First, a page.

Buswell was a leader among conservative Presbyterians who championed a premillennial yet mid-tribulational view of the rapture of the Church. His presentation is sometimes difficult to follow. Nonetheless, he shows a deep and abiding love for the details of the Word of God. He is usually careful to tell you when he is speculating and when he is exegeting what he believes to be a clear text. For our purposes here, several points emerge in his basic scheme for the mid-trib rapture:
Although Buswell comes across as a man of conviction concerning all of these things, he does so with a demeanor of humility. His greatest criticisms are directed not against his premillennial brothers with different tribulational views, but against preterists whose teachings often questioned or obscured the reality of a literal Second Coming. For an example of his undogmatic and charitable spirit, one can review his discussion of the seven trumpet judgments. An overview of Buswell’s position can be seen in the diagram below.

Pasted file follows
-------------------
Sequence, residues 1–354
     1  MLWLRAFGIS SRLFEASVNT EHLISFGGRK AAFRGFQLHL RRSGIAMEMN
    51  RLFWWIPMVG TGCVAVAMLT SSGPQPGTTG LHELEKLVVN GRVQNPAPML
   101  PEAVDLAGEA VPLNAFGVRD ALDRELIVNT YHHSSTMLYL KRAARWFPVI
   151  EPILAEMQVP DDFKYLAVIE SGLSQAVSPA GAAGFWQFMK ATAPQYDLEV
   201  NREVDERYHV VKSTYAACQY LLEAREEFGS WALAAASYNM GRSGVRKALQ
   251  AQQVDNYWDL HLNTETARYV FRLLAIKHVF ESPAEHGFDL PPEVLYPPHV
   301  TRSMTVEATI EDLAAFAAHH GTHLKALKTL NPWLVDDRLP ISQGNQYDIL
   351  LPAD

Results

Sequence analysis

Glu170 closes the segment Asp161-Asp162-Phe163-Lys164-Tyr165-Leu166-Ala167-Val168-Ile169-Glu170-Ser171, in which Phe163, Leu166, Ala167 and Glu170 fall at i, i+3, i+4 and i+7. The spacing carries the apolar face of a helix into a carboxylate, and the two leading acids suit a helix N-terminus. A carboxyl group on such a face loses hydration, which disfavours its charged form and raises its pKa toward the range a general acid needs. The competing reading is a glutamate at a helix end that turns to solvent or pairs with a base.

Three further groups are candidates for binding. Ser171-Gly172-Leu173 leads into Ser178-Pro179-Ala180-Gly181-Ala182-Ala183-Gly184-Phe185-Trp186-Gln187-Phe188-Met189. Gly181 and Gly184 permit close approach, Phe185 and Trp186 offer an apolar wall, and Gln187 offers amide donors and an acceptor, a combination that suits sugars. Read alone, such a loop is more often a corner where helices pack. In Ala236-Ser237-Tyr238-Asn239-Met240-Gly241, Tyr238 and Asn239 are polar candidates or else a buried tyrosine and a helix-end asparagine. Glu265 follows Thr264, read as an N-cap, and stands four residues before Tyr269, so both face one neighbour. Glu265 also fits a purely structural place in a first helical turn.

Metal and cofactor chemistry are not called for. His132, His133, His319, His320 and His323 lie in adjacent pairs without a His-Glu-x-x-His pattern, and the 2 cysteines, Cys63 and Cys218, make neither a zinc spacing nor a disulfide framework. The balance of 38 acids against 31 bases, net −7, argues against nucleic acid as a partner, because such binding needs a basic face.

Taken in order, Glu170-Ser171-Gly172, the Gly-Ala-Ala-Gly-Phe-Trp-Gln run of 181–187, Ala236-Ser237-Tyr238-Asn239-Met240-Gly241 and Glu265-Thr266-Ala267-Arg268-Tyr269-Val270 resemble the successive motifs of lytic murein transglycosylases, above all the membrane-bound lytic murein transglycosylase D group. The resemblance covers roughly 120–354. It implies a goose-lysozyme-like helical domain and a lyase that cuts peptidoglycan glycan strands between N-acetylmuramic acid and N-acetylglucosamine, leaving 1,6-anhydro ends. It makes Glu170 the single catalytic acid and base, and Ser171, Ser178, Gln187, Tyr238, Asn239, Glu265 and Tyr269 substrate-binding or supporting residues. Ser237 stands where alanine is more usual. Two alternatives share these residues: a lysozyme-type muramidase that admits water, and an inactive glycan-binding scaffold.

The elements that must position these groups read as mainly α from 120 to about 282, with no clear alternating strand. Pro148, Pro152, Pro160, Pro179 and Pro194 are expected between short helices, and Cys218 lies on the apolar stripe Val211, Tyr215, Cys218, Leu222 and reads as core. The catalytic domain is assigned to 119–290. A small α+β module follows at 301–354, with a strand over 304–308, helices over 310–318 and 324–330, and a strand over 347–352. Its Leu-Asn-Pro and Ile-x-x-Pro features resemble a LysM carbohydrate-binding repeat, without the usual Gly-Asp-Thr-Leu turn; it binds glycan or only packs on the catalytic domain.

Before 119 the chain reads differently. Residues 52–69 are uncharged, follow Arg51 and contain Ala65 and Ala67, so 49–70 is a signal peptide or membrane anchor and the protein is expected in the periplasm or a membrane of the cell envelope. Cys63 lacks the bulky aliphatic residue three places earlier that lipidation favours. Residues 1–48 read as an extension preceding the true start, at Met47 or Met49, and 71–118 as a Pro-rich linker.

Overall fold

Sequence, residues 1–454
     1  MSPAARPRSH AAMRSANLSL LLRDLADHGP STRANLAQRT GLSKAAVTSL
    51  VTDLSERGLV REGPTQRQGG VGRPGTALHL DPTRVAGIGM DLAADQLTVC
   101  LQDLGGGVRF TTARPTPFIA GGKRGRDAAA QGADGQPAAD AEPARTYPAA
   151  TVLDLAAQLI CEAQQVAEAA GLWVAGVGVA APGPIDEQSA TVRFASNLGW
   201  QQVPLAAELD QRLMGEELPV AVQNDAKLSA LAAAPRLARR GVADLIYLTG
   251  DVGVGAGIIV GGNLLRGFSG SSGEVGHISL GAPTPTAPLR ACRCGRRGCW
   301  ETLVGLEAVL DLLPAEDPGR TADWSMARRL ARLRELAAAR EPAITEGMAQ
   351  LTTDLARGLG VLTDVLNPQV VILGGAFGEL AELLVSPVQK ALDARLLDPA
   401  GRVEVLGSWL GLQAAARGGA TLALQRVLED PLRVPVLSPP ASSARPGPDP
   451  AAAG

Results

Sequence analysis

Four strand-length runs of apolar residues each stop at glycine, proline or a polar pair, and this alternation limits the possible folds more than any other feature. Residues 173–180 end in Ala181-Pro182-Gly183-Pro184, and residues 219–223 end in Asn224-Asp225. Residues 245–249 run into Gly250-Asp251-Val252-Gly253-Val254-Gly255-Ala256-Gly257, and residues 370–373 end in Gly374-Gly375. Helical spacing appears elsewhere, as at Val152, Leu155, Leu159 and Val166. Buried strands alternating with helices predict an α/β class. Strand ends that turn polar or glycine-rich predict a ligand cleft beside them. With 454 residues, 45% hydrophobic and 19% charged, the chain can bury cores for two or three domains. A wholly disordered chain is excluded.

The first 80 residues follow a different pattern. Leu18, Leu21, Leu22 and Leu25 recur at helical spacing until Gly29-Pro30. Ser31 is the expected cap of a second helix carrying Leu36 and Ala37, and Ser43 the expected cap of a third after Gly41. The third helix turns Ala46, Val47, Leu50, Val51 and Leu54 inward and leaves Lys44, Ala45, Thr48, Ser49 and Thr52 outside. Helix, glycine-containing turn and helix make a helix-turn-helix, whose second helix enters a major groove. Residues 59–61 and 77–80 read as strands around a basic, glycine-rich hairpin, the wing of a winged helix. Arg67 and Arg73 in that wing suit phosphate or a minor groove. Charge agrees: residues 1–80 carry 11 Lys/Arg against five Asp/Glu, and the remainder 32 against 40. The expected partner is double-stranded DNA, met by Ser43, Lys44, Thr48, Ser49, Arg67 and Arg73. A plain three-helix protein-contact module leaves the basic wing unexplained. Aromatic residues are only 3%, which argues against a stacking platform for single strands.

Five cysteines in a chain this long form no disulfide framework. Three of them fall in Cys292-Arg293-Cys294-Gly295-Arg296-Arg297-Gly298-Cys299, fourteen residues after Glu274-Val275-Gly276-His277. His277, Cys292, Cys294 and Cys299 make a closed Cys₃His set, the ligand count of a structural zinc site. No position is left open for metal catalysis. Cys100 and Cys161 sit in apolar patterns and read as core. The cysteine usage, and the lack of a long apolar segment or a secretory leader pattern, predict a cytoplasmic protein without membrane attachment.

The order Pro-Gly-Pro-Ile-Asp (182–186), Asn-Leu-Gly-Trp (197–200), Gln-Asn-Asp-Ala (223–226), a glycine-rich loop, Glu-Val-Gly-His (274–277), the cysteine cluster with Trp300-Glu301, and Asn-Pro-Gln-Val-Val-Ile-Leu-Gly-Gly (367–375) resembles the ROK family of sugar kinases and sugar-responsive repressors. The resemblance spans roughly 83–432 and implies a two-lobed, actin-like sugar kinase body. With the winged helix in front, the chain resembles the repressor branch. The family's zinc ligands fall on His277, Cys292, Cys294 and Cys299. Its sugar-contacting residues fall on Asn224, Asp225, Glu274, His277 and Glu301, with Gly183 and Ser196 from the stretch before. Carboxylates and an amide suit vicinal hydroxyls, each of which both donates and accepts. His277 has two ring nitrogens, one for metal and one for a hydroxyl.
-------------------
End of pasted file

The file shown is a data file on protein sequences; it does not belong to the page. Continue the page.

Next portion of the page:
Robert Van Kampen, the inventor of the pre-wrath rapture position, has told us that his view has found the common denominator that harmonizes or reconciles the basic truths that both pretribulationalism and post-tribulationalism had wrongfully isolated. The common denominator or key that unlocked everything for him was identification of the cosmic sign given in Matt. 24:29-31. He makes the astounding claim that